In a pretrial motion in limine, Appellant moved to exclude any evidence or testimony related to the alleged use, sale, or purchase of illegal substances on Appellant's part, and at the pretrial hearing, Appellant requested that “the State not be allowed to bring up [ ] uncorroborated allegations by Quantavious Banks that there was some kind of drug sale or drug activity being conducted by [Appellant].” In response, the State argued that the specific drug transaction between Appellant and Banks that Appellant sought to exclude was intrinsic to the crime because it initiated the dispute between Appellant and the victims, and so, “even if it incidentally might place any character issues on the table,” the evidence was admissible. The trial court agreed and denied Appellant's motion in limine, concluding that this evidence was intrinsic to the crimes.
On appeal, Appellant contends that the trial court erred in allowing this evidence to be presented at trial because the charges in this case were “associated with the shooting death of [Smith],” and evidence that Appellant “sold or used marijuana could not make any material fact surrounding the death of [Smith] more probable, therefore making the evidence irrelevant.” Appellant also contends that this evidence “reflected highly negatively on Appellant's character,” and that, “[e]ven if the [trial court] was correct in finding the evidence relevant, the evidence should have been excluded due to its extreme prejudicial value.”
Appellant's contention that evidence of the drug transaction between Appellant and Banks was “improper extrinsic evidence” is incorrect. “The limitations and prohibition on ‘other acts’ evidence set out in OCGA § 24–4–404 (b)7 do not apply to intrinsic evidence.” Williams v. State, 302 Ga. 474, 485, 807 S.E.2d 350 (IV) (d) (302 Ga. 474, 807 S.E.2d 350) (2017) (citation and punctuation omitted). “Evidence is admissible as intrinsic evidence when it is (1) an uncharged offense arising from the same transaction or series of transactions as the charged offense; (2) necessary to complete the story of the crime; or (3) inextricably intertwined with the evidence regarding the charged offense.” Id. (citation and punctuation omitted).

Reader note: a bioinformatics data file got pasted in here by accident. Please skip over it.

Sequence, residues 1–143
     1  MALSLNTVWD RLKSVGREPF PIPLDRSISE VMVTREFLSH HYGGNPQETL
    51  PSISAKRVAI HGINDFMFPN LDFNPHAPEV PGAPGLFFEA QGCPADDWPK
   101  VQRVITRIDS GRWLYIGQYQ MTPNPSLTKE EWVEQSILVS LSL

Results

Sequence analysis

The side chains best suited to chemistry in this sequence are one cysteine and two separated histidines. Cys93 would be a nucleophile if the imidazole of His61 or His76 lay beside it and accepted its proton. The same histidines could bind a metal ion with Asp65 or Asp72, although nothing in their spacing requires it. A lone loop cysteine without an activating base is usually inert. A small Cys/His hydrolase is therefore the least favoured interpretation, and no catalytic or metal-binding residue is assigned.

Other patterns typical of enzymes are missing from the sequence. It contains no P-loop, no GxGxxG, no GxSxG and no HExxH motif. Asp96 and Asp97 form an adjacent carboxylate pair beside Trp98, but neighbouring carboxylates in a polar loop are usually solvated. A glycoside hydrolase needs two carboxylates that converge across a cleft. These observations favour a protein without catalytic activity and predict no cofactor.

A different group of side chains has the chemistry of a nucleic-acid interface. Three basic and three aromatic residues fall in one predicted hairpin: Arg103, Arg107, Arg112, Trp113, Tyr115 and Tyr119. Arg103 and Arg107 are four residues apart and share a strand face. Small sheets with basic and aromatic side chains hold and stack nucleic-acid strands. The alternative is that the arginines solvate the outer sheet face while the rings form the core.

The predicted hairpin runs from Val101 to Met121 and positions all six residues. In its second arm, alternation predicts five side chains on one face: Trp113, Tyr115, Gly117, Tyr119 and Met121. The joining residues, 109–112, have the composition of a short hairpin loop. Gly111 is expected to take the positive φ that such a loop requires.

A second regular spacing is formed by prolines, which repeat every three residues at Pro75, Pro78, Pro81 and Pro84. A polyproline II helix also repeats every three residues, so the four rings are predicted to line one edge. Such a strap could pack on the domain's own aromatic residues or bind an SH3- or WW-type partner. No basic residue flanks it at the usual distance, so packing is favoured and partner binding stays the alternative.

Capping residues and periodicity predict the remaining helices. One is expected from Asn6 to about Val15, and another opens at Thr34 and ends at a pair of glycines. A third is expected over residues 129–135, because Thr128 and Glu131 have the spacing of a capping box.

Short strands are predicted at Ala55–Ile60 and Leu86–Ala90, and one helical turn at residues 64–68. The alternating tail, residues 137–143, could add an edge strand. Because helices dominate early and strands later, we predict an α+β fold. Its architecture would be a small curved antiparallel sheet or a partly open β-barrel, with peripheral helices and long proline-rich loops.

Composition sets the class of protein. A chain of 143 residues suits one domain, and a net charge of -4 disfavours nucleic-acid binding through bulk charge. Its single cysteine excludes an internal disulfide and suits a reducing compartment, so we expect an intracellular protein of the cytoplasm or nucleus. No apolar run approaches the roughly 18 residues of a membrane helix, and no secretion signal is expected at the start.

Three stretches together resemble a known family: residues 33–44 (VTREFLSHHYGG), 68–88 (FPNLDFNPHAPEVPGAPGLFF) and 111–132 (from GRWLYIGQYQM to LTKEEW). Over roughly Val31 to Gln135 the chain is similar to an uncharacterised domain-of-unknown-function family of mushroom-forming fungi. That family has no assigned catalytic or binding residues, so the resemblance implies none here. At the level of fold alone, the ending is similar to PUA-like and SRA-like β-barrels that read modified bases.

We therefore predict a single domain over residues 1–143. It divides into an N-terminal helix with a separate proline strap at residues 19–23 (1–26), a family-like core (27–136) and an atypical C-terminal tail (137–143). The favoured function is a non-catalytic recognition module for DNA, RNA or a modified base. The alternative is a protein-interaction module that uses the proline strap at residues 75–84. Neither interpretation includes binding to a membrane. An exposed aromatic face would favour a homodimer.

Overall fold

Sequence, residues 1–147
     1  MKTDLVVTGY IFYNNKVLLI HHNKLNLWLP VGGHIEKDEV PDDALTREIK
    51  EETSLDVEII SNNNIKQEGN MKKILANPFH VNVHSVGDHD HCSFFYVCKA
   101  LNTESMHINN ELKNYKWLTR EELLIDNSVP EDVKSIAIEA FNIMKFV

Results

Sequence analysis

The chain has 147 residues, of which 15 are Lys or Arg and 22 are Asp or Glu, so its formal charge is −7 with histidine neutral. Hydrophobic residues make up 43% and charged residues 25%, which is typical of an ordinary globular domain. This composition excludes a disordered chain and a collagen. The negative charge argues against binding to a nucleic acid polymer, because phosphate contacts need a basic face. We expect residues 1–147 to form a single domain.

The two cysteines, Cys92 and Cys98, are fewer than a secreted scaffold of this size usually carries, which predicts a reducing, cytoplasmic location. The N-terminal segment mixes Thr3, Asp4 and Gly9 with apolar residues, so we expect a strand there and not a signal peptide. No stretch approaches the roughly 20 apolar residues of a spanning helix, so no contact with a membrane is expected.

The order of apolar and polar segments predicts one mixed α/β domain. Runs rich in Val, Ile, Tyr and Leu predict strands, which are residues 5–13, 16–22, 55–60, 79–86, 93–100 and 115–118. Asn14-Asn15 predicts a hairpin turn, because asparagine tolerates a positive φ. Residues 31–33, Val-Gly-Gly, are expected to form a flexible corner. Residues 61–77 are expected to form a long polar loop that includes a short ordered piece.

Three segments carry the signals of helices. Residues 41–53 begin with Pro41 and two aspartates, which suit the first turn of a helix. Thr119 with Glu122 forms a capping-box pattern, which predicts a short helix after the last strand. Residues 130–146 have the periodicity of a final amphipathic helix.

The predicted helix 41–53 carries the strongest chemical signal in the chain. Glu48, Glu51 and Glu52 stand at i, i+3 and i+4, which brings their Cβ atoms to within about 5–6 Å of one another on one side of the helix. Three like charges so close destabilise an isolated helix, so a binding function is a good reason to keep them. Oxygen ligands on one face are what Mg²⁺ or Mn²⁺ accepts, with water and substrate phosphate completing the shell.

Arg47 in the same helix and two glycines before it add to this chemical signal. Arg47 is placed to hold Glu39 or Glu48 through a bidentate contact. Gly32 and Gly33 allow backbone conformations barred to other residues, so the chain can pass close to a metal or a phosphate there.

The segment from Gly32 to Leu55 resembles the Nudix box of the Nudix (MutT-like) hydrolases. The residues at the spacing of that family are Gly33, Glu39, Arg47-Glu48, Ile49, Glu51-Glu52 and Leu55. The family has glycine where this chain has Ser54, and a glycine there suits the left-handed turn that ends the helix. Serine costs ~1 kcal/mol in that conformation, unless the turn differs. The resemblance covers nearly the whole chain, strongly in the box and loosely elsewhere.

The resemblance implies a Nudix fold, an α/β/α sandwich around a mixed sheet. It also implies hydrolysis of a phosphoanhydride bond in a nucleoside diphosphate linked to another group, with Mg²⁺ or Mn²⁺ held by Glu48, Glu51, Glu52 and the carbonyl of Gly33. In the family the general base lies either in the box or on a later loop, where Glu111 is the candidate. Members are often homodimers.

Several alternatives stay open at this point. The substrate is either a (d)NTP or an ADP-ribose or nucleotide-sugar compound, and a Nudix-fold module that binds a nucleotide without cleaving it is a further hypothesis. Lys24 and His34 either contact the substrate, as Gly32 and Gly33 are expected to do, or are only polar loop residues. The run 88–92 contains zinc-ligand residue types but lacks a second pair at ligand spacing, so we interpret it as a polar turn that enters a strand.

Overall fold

In applying these factors, this Court has explained that
[e]vidence pertaining to the chain of events explaining the context, motive, and set-up of the crime is properly admitted if it is linked in time and circumstances with the charged crime, or forms an integral and natural part of an account of the crime, or is necessary to complete the story of the crime for the jury. Evidence of other acts is inextricably intertwined with the evidence regarding the charged offense if it forms an integral and natural part of the witness's accounts of the circumstances surrounding the offenses for which the defendant was indicted. And this sort of intrinsic evidence remains admissible even if it incidentally places the defendant's character at issue.
Heade v. State, 312 Ga. 19, 24-25 (3), (860 S.E.2d 509) (2021), (citations and punctuation omitted). Moreover, “[t]here is no brightline rule regarding how close in time evidence must be to the charged offenses, or requiring evidence to pertain directly to the victims of the charged offenses, for that evidence to be admitted properly as intrinsic evidence.” Id. at 25, 860 S.E.2d 509 (3) (citation and punctuation omitted).
The story of this case began with a drug transaction. The evidence showed that, when Banks paid Appellant for marijuana that he did not receive and then, in retribution, took from Appellant either money or marijuana that Banks did not pay for, a dispute arose between these men that festered, leading to the shootings of Banks and Smith. And, during Appellant's custodial interview with the police, he discussed this dispute at length, confirming that it started when Banks took Appellant's “stuff” or “money” and escalated over the next two weeks as threatening exchanges and encounters occurred, directly resulting in the shootings of Banks and Smith. As such, Appellant's own statements rendered this evidence intrinsic.
This evidence was “necessary to complete the story of the crime for the jury,” Heade, 312 Ga. at 24-25 (3), 860 S.E.2d 509, and to explain why Appellant and Banks were engaged in an ongoing feud that led to the shootings. The evidence was also “inextricably intertwined with the evidence” regarding the crimes for which Appellant was indicted because it formed “an integral and natural part” of Appellant's account of the circumstances surrounding the crimes and explained how the dispute between Appellant and Banks originated. Id. at 25, 860 S.E.2d 509 (3). Without evidence of the initial drug transaction and Banks's theft of marijuana or money from Appellant afterwards, there would be no explanation for the dispute between Appellant and Banks and for the subsequent threats and confrontations that took place—about which Appellant's friends and family members testified extensively. See id.